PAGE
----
Those asking whether this latest high-octane action fest needs a third chapter, the answer is most definitely yes. And the third part doesn’t disappoint. In fact, there are so many ways to kill a person that it becomes a ‘hit-man’s guide to the galaxy’ – if not a survival manual in the case of John Wick. All those The Matrix moves dodging bullets has done Keanu Reeves a career favour. Neo or Wick, Reeves has little to convince us of that he is the man for the job once more.

Chapter 3 called ‘Parabellum’ – Latin for “prepare for war’ – picks up where we left John Wick two years earlier, about to become a wanted man with a substantial price on his head. Going straight into ‘live action’ gaming mode, you strap in for the ride with a silly grin, with series director and former The Matrix stuntman Chad Stahelski confidently picking up the reigns again, and showing his impressive talent for directing action movies.

Indeed this action series is unlike others. Yes, you have trouble breathing for 15 mins from when the clock strikes the sixth hour and all bets are off. However, for such a genre movie, it does halt the pace to allow its characters time with their animals. This is a animal-devoted action movie, if there is such a thing. There are dogs, more dogs too. What becomes of them would be a spoiler alert, but let’s just say, Stahelski is alert to fans’ previous horror at events in the first 2014 film.

Reeves is a little older and more ‘mortal’ in this, making the sheer pain Wick endures all the more credible. There are some utterly exhilarating set pieces, too many to pick a favourite – it really depends on your taste in how a ‘baddie’ should perish? The actor must be commended for his endurance if anything, making Wick a greater anti-hero than he was before. The film plays to the crowd as the body count mounts, but the style in which it is carried out is sheer bliss to behold.

Ian McShane thrillingly returns as charming ‘Winston’, The Continental’s suave manager and Wick’s ally of sorts, and with him brings even more lore to the shady underworld setting of the hotel. There is a thirst to know exactly what is behind this stylish criminal institution, and the welcome addition of Asia Kate Dillon as the steely and calculating ‘Adjudicator’ sent by the High Table (the top echelon of the organisation) to overhaul hotel management and oversee the Wick’s manhunt adds to the whole mysterious affair.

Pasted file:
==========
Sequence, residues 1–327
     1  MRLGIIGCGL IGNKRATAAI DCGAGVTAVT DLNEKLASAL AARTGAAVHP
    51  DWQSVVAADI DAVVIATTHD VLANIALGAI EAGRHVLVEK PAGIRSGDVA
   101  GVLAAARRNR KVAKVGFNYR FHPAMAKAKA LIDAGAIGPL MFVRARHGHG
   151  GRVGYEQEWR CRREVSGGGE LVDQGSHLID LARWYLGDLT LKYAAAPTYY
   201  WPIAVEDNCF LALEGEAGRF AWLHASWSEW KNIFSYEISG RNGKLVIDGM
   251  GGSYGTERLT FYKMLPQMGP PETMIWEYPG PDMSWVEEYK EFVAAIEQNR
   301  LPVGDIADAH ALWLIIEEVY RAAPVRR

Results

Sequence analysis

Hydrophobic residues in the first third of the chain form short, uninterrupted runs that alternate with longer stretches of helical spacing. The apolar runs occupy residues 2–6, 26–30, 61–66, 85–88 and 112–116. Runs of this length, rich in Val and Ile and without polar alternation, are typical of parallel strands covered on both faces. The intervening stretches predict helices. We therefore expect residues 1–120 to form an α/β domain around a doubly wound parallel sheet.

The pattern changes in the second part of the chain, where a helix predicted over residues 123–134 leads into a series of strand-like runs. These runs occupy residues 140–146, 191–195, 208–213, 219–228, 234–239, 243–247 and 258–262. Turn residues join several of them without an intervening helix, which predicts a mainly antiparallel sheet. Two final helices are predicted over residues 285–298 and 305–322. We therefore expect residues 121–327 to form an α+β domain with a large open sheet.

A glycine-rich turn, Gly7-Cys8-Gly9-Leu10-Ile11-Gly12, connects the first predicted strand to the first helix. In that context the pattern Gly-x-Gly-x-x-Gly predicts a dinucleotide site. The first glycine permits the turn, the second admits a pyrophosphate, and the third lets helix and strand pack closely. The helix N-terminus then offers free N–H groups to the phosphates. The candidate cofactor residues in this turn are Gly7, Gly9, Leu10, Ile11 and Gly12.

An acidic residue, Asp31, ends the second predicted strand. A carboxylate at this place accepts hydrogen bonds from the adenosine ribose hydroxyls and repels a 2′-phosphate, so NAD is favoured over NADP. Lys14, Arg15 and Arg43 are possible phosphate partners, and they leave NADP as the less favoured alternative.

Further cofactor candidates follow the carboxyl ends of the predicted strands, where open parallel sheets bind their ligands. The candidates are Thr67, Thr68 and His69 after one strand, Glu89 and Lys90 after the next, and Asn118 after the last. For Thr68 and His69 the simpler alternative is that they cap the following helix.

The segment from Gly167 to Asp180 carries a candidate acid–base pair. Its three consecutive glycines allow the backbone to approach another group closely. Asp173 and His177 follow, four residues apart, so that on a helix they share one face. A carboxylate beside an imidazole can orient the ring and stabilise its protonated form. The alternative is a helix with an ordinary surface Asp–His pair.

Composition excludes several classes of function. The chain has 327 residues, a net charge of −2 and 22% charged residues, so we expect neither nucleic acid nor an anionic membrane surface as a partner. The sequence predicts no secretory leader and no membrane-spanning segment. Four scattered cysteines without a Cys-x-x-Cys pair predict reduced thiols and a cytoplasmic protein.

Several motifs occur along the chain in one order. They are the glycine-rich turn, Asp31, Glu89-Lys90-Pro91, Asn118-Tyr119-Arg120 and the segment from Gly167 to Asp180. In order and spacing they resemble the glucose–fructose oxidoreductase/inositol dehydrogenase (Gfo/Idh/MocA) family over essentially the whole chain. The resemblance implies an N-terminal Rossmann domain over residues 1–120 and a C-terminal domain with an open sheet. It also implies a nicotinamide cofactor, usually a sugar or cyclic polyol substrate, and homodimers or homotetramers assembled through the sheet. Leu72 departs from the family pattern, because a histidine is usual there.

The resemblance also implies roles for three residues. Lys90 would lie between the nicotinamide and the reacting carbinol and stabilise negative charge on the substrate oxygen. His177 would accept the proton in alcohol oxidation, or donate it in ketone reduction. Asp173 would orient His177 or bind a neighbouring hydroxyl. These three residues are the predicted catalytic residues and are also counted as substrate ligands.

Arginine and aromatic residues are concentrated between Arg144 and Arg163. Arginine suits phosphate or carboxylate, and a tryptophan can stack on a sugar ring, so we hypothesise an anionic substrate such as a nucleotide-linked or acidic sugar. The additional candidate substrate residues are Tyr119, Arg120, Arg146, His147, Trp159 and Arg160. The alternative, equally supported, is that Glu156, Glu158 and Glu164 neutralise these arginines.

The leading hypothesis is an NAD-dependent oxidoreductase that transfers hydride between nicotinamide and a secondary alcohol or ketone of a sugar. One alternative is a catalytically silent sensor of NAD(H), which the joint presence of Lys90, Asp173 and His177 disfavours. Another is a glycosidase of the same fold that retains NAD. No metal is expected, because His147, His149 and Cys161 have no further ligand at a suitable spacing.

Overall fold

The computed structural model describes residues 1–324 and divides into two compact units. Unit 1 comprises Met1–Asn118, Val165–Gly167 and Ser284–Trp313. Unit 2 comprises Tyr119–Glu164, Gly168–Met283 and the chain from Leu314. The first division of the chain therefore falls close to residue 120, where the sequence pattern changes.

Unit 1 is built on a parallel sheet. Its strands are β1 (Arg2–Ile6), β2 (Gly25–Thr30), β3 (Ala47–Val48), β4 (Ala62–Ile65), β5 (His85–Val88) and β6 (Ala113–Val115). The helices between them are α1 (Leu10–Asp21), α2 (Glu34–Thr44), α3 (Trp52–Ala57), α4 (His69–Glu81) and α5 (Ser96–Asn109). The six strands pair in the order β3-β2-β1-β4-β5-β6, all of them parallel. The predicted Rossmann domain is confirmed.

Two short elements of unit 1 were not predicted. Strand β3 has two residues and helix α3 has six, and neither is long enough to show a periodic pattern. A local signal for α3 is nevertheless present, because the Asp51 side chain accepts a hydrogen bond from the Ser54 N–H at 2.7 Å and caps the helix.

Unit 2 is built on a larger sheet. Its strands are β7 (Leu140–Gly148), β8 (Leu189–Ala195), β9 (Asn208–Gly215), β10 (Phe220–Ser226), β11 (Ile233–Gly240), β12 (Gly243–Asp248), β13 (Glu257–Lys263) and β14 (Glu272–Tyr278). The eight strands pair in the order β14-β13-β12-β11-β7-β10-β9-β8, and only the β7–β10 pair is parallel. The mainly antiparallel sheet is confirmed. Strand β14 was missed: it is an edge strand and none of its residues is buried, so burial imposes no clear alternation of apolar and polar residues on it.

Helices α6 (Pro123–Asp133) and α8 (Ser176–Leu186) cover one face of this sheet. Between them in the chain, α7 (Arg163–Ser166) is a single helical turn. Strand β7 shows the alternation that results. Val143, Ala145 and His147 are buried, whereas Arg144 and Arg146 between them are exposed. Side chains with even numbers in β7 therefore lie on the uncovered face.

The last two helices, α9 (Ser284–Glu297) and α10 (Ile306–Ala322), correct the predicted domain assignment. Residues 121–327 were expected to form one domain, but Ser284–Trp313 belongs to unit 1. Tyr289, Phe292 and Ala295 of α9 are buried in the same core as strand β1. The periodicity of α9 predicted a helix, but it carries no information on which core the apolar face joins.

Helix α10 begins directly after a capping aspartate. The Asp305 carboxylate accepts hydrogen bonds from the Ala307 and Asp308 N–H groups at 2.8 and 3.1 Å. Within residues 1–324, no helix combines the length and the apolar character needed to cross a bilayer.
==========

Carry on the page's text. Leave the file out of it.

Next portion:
Halle Berry who is no stranger to action roles also adds another character dimension and huge backstory question mark as Sofia, another dog devotee who substitutes canine companionship for personal loss. The full dog scene with her and Reeves fighting shows how the dogs are as much the stars of this as the humans are.

Chapter 3 does not dispense with the humour and lighter moments – even mid battle. Mark Dacascos as another assassin called Zero offers up some hilarious lines at the most unusual times and frankly steals those scenes. Yet again, Stahelski and team pick their new cast members wisely and choreograph the action for just the right duration before you become immune to, or even weary of it. Visually, the luscious cinematography helps set the right ambiance at any one moment.

There is little to fault John Wick 3 of, but perhaps, all the additional characters mean another episode is needed to then explain their motivations and tie up yet more lose ends. Some might be left wondering whether The Matrix star Laurence Fishburne’s character, the Bowery King, from the last outing gets more use this time around. Let’s just say there is more in store for ‘bird man’ and The Matrix fans will be well and truly in their element by the end.

John Wick: Chapter 3 – Parabellum is a near perfect action movie with a solid, but flawed and likeable lead character that Reeves embodies fittingly. This film is probably the best so far, raising the deadly bar that much further, insanely so. There is almost too much of a good thing going on, with us spoilt by the impressive cast. Chapter 3 cannot be the end, regardless of the film-making team saying otherwise. At this rate, Reeves might just be playing Wick at 60 years-old+. Seriously hope so.